Towards greener pastures: Cacao farming gave this farmer a sustainable means to support the needs of her children

Some of the naturally-grown cacao trees at InPhase EcoFarm.

By Vina Medenilla

Mothers only want the best life for their children. In the case of Lilibeth Belito-Beduya, InPhase EcoFarm co-owner, seeking a stable source of income is one of her tools to express love and support to her firstborn who’s about to enter college.  

“I realized that my income as an employee is not enough to support the needs of my children.” To make ends meet, she had three options in mind and one of them was farming. Having been born in an agricultural province like Calbayog City in Samar, Beduya believes that farming is a reliable livelihood that can provide her a steady profit. Owing to this belief, she started planting cacao in 2016. 

Living in harmony with nature 

Beduya confessed that she is a hands-on farmer of cacao trees. Not long after the establishment of her 4.2-hectare farm, it became a TESDA-accredited farm school due to her hard work. 

The development of InPhase EcoFarm was not a piece of cake. The farm gained its name ‘InPhase’ because the farm was built phase by phase based on the availability of Beduya’s budget. She also believes that choosing cacao as their main crop keeps them on the right track, therefore, ‘in phase’ with many things. 

On-site, there’s a path leading to a house where guests can take a rest, gather, and dine.

Work fueled by love and genuine passion 

Lilibeth Belito-Beduya’s photo taken during her first cacao harvest in 2018.

Farming, in a way, is a passion and a dream come true for this 46-year-old farmer. Recalling her childhood where her love for farming stems from, she said: “I used to accompany my grandmother on her farm and since then, I enjoyed nature. I enhance my very little knowledge in farming by attending different training and seminars.” She expounded, “training and hands-on implementation of the knowledge acquired as well as keen observation, true passion, and love” were the driving forces that led her into farming.

At present, InPhase EcoFarm produces cacao, banana, coconut, and some vegetables like lettuce. Cacao, the main crop, is harvested weekly alongside other crops like bananas. Some of the cacao varieties that they grow are W10, UF18, and BR25. With regards to maintaining cacao trees, they allot a certain schedule in applying natural fertilizers and concoctions that they also produce using farm output. They harvest most of the leafy vegetables every month except for the kinds of veggies that require collection every three days. Most importantly, Beduya ensures that their products are chemical-free.


Earning a living from farm products and training

InPhase EcoFarm supplies fresh produce to local restaurants. They sell the lettuce at P250 per kilo, while other vegetables are priced from P30 to P60 per kilo. Fermented cacao beans are available at P210 per kilo. For value-added goods, they have tablea chocolates that they either supply to restaurants and resellers or add to their pasalubong or souvenir packages offered to farm guests.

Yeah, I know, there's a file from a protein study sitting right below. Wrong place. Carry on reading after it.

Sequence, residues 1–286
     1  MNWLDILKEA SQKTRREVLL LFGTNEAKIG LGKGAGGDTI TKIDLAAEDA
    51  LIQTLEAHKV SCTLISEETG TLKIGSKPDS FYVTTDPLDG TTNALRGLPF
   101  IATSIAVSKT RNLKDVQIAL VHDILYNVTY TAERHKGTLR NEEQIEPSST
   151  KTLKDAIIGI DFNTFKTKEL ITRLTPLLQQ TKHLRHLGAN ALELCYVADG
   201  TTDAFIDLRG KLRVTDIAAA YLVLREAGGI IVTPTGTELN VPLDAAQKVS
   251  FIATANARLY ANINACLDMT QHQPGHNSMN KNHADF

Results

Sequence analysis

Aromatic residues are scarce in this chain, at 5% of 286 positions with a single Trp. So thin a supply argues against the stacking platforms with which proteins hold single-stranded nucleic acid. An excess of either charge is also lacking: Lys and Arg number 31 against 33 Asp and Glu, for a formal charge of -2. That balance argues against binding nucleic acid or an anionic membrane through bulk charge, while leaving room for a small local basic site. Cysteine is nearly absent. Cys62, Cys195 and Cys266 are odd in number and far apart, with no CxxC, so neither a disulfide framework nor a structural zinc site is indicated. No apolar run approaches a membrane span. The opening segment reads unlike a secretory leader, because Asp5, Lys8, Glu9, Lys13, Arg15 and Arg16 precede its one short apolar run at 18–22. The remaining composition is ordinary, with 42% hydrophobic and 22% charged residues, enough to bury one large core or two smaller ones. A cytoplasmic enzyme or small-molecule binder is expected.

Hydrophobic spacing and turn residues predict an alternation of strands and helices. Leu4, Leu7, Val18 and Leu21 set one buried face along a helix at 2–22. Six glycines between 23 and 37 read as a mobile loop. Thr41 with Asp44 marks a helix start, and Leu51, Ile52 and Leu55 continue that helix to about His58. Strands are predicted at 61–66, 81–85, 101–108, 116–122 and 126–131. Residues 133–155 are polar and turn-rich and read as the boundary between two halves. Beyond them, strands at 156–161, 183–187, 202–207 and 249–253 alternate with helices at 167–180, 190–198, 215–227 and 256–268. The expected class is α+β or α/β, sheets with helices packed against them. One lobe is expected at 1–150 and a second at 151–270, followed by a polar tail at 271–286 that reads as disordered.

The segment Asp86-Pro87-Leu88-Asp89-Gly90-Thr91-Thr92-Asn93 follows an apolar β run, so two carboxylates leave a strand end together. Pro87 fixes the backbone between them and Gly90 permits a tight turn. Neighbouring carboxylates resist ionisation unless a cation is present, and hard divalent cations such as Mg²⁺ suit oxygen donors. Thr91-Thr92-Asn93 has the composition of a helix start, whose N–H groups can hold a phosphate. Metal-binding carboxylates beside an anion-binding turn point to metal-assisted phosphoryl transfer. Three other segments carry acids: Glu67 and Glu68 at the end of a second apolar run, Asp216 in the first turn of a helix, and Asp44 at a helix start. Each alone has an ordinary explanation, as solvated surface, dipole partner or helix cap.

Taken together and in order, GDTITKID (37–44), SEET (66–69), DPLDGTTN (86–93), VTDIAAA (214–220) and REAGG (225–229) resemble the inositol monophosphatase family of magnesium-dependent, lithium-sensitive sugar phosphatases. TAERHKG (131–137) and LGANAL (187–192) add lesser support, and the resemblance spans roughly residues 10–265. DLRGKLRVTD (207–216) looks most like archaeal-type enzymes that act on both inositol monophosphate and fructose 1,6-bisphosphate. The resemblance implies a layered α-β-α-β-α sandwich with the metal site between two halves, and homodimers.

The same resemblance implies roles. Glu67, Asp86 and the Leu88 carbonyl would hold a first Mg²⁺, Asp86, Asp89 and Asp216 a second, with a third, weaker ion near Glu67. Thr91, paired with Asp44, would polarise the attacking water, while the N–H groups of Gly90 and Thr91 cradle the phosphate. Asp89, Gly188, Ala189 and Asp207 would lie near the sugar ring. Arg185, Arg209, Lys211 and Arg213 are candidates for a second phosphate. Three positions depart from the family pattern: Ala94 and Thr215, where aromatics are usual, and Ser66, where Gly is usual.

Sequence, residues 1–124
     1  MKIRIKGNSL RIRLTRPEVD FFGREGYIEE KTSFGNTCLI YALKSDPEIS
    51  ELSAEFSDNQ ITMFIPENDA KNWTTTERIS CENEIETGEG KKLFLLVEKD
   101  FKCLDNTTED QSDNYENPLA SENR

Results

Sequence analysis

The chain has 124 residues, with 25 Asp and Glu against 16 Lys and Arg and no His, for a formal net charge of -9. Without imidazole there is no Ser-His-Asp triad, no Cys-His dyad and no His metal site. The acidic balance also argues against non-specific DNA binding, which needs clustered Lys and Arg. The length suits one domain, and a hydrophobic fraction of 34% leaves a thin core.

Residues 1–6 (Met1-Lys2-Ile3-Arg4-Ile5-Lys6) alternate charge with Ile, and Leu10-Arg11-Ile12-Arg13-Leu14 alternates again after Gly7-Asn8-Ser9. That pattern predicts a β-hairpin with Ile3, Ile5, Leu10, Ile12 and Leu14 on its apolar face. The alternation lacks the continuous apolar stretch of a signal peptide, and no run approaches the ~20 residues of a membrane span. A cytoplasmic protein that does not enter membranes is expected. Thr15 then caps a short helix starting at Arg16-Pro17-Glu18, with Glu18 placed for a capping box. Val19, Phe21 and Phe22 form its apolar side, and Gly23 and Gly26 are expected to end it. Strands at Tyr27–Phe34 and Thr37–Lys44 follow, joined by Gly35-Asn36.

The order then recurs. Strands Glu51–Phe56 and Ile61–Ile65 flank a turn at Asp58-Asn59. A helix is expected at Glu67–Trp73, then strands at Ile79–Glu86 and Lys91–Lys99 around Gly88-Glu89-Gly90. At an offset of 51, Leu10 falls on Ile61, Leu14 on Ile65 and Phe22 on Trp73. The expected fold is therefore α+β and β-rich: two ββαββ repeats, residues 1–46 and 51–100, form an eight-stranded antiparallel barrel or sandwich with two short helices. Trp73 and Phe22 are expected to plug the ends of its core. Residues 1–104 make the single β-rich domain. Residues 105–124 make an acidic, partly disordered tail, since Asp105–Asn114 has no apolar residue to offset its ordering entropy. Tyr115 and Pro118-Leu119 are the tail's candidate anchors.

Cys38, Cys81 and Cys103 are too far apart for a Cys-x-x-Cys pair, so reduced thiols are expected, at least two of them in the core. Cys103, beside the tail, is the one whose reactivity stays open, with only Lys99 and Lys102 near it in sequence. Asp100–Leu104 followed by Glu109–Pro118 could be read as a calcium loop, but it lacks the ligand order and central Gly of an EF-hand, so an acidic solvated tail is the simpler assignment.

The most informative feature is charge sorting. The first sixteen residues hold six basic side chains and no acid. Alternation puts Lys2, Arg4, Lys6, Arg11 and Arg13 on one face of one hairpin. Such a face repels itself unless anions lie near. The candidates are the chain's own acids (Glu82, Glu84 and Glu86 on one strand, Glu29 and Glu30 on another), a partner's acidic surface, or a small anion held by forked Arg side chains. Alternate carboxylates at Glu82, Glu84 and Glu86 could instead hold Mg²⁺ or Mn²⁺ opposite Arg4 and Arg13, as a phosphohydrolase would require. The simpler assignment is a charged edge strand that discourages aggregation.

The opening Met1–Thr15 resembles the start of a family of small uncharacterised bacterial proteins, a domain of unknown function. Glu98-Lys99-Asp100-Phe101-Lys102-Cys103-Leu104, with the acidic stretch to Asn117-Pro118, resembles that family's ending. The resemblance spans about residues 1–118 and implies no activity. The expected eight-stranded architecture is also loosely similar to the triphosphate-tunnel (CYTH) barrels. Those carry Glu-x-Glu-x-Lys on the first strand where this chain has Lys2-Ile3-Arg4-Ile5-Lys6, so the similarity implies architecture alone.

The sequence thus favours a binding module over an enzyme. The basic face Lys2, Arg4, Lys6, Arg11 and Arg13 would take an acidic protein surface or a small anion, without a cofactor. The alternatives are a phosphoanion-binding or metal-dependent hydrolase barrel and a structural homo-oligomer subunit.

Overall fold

Today, Beduya earns a net income of P40,000 from the farm products, excluding the profit from their farm training. Since they also consume some of the harvests, they save P8,000 a month in food expenses.

The farm’s major problem is typhoons. Thankfully, cacao, according to Beduya, is one resilient crop. With the help of TESDA’s Organic Agriculture Production NC II training, Beduya and her farmhands know the process of creating natural fertilizers, concoctions, and livestock feeds, which they apply on the farm regularly. 

In Barangay Mawacat, Calbayog City, Samar, you’ll find InPhase EcoFarm, a 4.2-hectare farm that offers various products and training on organic agriculture production.

Speaking of farmhands, the majority of their employees are among the graduates of their Cacao Production and Organic Farming training. Other help also comes from scholars who need financial support to continue their studies.

In cacao farming, Beduya shared that being hands-on is necessary to understand this type of business, livelihood, or hobby. Since cacao takes years to bear fruit, she suggests planting other fast-growing crops like leafy vegetables to generate an income while waiting for the cacao trees to ripen. Most of all, she emphasized that one must be passionate enough to pursue cacao farming, whether as a business or a hobby, to overcome the challenges that it entails. 

An almost two-year-old cacao tree at InPhase EcoFarm.

Just like how Mother Earth gives life to many living things, a mother’s love can conquer any hurdles as long as it’s for their children. And stories like Beduya’s are great examples in doing what is right: protect lives, communities, and space we’re inhabiting. 

Photos courtesy of  InPhase EcoFarm. 

For more information, Visit InPhase EcoFarm


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Vina Medenilla
Vina Medenilla is a content producer for Agriculture Monthly magazine. She is a graduate from Miriam College with a bachelor’s degree in Communication. Fashion, photography, and travel are some of the things she loves. For her, connection with nature is essential to one’s life.

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